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Stadium plans thread 137

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New York Gov. Andrew Cuomo has people talking about a new NFL stadium for the Buffalo Bills, even as Ralph Wilson Stadium takes on $130 million worth of renovations in time for next season.

 

As part of the Bills’ new 10-year lease signed in December 2012 to remain at the league’s fifth-oldest venue (not counting the completely renovated Soldier Field), the team agreed to a $400 million relocation penalty and the state not only signed on to share the costs on renovations for the Orchard Park facility, but also offered to consider the idea of a new stadium.

 

Now we have a New Stadium Working Group doing just that.

 

With Cuomo appointing five members to the group on Monday, according to The Buffalo News, expect Erie County and the Bills to offer up additional members as the new committee starts the task of figuring out just how a new stadium could spur on economic growth for the greater Buffalo region. And all without being a major drain to Bills’ owners and taxpayers.

 

With new NFL stadiums hovering close to—and some plenty over—the $1 billion mark, Buffalo isn’t exactly a prime candidate for the investment. The Bills already struggle to sell-out the 73,000-seat stadium that opened in 1973. And they only play seven home games there...

 

Full version on SI.com:

http://nfl.si.com/2014/02/11/buffalo-bills-new-stadium/


Proud adopter of #16 Robert Foster and owner of Lit while sitting in the drivers seat of the bandwagon of

The Buffalo Eightyfive percents

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Downtown, Retractable roof, but open-air like the Seattle Mariners stadium or go with no roof, but cover the majority of the seats.

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I realize a new stadium is necessary for the future of the franchise but with changes to tailgating rules, the increase in ticket price and season ticket seat license fees a new stadium could hurt the fans more than we realize.

 

At this point the tickets are cheap and there isn't a better party to be found but if the tickets double in price and tailgating is no longer allowed many of the current season ticket holders may find other ways to spend their money.

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At this point the tickets are cheap and there isn't a better party to be found but if the tickets double in price and tailgating is no longer allowed many of the current season ticket holders may find other ways to spend their money.

 

Nobody wants a huge increase in ticket prices, like tripling. However, maybe a new stadium and a moderate increase in price could be a good thing (for some people). It matters on how you look at it:

 

If you want the 'best party for the money', you aren't going to be happy with a new stadium and the increased prices.

 

On the other hand, if you are someone who plays plenty of money for Sabres games, you might be willing to pay less for Bills Season tickets (although for less games) if you knew you were going to be abel to watch a game in a comfortable stadium (not 35 degrees and raining in November) with a little less rowdy crowd.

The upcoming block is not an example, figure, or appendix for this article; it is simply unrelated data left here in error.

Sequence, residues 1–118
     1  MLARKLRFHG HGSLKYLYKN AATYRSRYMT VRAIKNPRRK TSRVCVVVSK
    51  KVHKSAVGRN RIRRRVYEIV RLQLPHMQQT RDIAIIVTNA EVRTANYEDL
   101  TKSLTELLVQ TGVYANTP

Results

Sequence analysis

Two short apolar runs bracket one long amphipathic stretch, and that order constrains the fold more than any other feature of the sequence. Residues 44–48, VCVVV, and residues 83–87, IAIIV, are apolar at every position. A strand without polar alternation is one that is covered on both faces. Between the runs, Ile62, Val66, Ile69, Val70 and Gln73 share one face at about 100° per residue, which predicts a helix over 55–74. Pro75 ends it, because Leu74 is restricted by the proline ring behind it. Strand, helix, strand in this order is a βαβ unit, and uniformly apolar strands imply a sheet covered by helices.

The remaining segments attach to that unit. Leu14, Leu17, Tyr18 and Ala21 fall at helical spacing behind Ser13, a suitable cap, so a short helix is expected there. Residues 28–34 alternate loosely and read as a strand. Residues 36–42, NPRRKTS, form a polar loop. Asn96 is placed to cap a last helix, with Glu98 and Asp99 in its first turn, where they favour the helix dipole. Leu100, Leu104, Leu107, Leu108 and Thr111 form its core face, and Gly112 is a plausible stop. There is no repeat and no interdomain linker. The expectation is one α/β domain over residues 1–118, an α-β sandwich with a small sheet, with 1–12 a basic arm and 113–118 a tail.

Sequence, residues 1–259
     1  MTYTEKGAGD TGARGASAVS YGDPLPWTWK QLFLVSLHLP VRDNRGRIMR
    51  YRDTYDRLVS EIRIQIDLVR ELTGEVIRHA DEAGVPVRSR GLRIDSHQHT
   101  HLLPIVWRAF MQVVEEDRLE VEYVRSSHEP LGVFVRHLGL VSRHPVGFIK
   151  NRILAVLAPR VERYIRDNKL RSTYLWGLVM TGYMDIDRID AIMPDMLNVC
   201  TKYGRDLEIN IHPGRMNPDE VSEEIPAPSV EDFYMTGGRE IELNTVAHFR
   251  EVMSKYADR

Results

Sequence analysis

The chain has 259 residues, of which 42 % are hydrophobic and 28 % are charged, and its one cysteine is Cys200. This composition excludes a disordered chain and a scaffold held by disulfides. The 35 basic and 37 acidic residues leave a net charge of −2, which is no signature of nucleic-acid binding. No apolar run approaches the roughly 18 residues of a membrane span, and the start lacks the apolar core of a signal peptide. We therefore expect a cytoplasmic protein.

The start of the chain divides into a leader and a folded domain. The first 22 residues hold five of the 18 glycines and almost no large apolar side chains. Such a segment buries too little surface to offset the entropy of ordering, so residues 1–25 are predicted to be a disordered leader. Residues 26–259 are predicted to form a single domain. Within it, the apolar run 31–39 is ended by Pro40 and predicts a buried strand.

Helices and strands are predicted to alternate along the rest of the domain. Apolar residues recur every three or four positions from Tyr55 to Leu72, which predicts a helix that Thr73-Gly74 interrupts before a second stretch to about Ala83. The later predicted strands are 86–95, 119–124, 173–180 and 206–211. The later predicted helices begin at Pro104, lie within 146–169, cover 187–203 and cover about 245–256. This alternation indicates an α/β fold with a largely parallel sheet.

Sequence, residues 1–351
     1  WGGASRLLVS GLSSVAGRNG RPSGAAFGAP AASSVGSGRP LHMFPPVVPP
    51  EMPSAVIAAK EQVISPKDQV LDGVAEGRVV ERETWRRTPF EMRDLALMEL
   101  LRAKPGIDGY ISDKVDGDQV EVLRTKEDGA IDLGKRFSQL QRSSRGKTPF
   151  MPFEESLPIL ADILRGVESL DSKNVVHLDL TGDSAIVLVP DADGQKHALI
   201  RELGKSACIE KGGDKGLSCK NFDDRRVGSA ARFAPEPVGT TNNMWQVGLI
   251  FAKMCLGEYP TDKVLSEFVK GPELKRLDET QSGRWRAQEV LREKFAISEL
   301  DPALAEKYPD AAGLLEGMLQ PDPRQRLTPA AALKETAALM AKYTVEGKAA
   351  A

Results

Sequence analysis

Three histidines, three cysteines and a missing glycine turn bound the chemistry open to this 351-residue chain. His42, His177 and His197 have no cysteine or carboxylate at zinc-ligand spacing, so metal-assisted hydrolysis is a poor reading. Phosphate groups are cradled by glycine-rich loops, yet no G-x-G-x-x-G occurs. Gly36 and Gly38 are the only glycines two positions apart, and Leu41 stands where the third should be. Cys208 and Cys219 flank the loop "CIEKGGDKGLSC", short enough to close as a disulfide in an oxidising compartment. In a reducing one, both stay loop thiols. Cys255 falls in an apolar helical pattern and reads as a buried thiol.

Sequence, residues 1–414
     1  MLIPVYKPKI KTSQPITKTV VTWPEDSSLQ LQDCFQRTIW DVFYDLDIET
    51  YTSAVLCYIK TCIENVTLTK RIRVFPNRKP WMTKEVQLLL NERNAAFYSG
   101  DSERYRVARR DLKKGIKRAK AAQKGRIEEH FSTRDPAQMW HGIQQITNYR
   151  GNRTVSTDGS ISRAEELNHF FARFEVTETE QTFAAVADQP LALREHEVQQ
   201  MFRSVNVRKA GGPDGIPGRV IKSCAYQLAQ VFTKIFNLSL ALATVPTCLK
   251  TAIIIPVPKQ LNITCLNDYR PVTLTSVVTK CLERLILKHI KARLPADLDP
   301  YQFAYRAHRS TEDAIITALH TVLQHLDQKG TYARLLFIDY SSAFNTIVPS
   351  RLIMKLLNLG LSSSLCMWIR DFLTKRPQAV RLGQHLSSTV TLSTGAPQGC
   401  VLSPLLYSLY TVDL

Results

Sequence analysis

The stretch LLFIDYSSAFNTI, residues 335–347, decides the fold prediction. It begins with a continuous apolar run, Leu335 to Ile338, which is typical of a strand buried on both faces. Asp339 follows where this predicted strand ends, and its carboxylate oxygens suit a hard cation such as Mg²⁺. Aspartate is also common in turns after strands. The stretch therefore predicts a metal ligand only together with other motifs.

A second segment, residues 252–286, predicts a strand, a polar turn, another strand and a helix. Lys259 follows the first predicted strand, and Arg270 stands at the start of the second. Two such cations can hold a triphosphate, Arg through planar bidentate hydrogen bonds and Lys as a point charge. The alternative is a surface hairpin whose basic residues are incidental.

I personally know more poeple in the latter category than the former. I have friends that used to have season tickets with me who havne't been to a game in years. They like the Bills better than the Sabres, but go to many times more games just because they don't want to deal with the uncertainty of the elements and the problems in the crowd.

 

 

At this point the tickets are cheap and there isn't a better party to be found but if the tickets double in price and tailgating is no longer allowed many of the current season ticket holders may find other ways to spend their money.

 

Nobody wants a huge increase in ticket prices, like tripling. However, maybe a new stadium and a moderate increase in price could be a good thing (for some people). It matters on how you look at it:

 

If you want the 'best party for the money', you aren't going to be happy with a new stadium and the increased prices.

 

On the other hand, if you are someone who plays plenty of money for Sabres games, you might be willing to pay less for Bills Season tickets (although for less games) if you knew you were going to be abel to watch a game in a comfortable stadium (not 35 degrees and raining in November) with a little less rowdy crowd.

 

I personally know more poeple in the latter category than the former. I have friends that used to have season tickets with me who havne't been to a game in years. They like the Bills better than the Sabres, but go to many times more games just because they don't want to deal with the uncertainty of the elements and the problems in the crowd.

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I agree that a new stadium caters to a different clientele, which I am a part of.

 

While I enjoy going to a game every few years, it just isn't enjoyable for me to be out in the cold all day, especially when the Bills are losing. I also would like the opportunity to take my son to games like I did when I was a kid. A few less drunk idiots would be nice.

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